LAD 29.3 billion in the air, sigh, if he hadn’t ‘crashed’, Kershaw wouldn’t be alone.

This might be the first time since 2010 that the Los Angeles Dodgers have struggled on the mound.

The Dodgers had a team ERA of 4.04 that year, 14th out of 30 teams. Since then, they have never finished lower than sixth in team ERA. From 2019 to last year, they were first for four straight years. Most notably, last season’s 2.80 was the lowest in 50 years since 1972 (2.78)토스카지노.

This year, however, the Dodgers are struggling on the mound, both starting and bullpen. As of June 26, the team ERA is 4.52, which ranks 24th. Their starting ERA is 16th at 4.39 and their bullpen ERA is 26th at 4.68. The Dodgers team ERA is the “worst” since the team moved from Brooklyn to Los Angeles in 1958.

The reason for this is simple. They didn’t properly reinforce their mound last winter, and they were riddled with injuries.

However, despite the mound woes, the Dodgers are still in the postseason hunt with a 43-34 record as of today. They are third in the NL West and third in the wild card. They’re also just three games back of the division-leading Arizona Diamondbacks. Fangraphs gives the Dodgers an 89.1 percent chance of making the playoffs. Barring an upset, fall baseball is here to stay.

The driving force is Clayton Kershaw. The so-called “Kershaw era” is still in effect in 2023.

In an article titled “Clayton Kershaw still holding the Dodgers together,” ESPN highlighted Kershaw’s performance and iconic status this season.

ESPN wrote, “The Dodgers have led the league in team ERA for the past four years. But their team ERA is the worst since they moved to Los Angeles,” and “their bullpen ERA is the worst outside of four teams, and their starting rotation is missing Walker Buehler, Jurio Urias, Dustin May, and Noah Syndergaard, who has a 7.16 ERA and has been injured.

This emphasizes how Kershaw’s performance and leadership has kept the Dodgers at the top of the standings even when the mound is at its worst.

First baseman Freddie Freeman told ESPN, “He does it every year like he did this year. When we really needed him, he stepped up. It’s been 15 years since his debut in 2008, and he’s still doing it when we need him.”

“Kershaw is the only one of our starters who has been in the rotation since Opening Day,” said manager Dave Roberts. “He’s obviously realized that, but accepting responsibility but not putting pressure on yourself is a skill that he’s learned and developed. He’s always done it that way, and I can’t imagine the Dodgers without him.”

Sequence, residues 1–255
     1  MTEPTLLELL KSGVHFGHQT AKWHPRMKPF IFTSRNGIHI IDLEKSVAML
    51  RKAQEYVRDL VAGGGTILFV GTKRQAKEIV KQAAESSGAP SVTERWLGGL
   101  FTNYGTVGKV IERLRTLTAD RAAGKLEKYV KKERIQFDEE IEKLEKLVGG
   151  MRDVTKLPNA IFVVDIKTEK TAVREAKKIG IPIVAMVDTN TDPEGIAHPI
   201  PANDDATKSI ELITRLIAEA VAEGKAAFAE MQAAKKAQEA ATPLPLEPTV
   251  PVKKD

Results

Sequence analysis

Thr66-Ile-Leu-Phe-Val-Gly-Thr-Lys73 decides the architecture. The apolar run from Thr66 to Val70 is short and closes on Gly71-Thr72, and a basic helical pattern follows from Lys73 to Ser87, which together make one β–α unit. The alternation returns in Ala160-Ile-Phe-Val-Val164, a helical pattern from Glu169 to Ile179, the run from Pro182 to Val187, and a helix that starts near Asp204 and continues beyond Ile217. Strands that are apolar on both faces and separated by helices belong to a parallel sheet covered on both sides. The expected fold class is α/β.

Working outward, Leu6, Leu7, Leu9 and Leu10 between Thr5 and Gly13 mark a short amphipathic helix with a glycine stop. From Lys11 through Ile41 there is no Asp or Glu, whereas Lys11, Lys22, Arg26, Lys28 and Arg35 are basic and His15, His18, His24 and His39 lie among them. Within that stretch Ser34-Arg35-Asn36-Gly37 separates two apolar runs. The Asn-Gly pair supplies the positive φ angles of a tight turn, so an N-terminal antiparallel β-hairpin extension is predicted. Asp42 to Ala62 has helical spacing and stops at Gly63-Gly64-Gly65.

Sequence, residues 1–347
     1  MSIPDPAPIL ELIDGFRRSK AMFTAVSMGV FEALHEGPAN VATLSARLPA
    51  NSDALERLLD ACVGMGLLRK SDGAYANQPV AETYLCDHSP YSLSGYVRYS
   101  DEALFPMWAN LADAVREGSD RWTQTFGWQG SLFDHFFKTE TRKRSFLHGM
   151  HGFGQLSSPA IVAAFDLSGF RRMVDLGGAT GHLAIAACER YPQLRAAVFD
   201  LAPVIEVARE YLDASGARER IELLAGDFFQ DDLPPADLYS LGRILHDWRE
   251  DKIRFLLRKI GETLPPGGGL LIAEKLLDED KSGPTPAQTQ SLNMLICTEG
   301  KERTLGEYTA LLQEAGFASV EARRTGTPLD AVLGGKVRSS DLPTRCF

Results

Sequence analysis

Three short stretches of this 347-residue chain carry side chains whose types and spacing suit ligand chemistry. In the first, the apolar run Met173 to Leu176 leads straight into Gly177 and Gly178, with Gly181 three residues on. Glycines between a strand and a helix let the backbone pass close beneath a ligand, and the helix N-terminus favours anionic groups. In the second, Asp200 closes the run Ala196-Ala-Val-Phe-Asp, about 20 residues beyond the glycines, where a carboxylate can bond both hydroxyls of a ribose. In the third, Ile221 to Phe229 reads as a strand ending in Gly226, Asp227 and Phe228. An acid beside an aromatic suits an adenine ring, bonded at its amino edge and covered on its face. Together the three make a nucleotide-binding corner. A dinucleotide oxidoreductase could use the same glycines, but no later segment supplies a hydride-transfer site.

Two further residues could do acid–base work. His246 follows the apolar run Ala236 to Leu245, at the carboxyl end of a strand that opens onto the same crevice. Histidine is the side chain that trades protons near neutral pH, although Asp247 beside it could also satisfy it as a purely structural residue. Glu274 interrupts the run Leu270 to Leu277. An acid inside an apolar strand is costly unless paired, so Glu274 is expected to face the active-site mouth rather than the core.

The Dodgers’ opening rotation this year was Urias, May, Kershaw, Syndergaard, and Michael Grove. Of those, Urias, May, and Syndergaard were lost to injury, and Grove was relegated to the bullpen after being declared unfit to start. That leaves Kershaw.

There’s one pitcher I’m not happy about. Trevor Bauer was released from the major leagues after an “accident” and moved to Japan. Bauer signed with the Yokohama DeNA Basestars for $4 million earlier this year to begin his new life in NPB.

After some early struggles, Bauer has settled into his new league with five consecutive quality starts. On May 16 against Hiroshima, Bauer gave up seven runs on eight hits in two innings before returning to the second team on May 27 and earning a quality start against Chunichi with six innings of seven hits and two runs.

On May 14, he threw his first complete game in the NPB with nine innings of three hits and one run against Nippon Ham, and on May 25, he pitched his sixth QS of the season with 6⅓ innings of seven hits and three runs against Hanshin, extending his winning streak to four games. His ERA has stabilized at 4.03. Bauer’s fastball, which he has said he wants to get up to 96 mph, is reminiscent of his prime in terms of velocity and command.

However, Bauer is still being paid the remainder of his contract by the Dodgers organization. Bauer, who signed a three-year, $120 million free agent contract with the Dodgers in February 2021, is guaranteed through this year. Of his $35.33 million salary this year, $22.53 million will go directly to his pocketbook, minus any MLB suspensions. The Dodgers had no choice but to release Bauer at a cost of an astronomical amount of money.

The 2020 NL Cy Young Award winner had pitched 17 games for the Dodgers in 2021, going 8-5 with a 2.59 ERA. If Bauer hadn’t had his “accident,” he could be on the mound with Kershaw right now.

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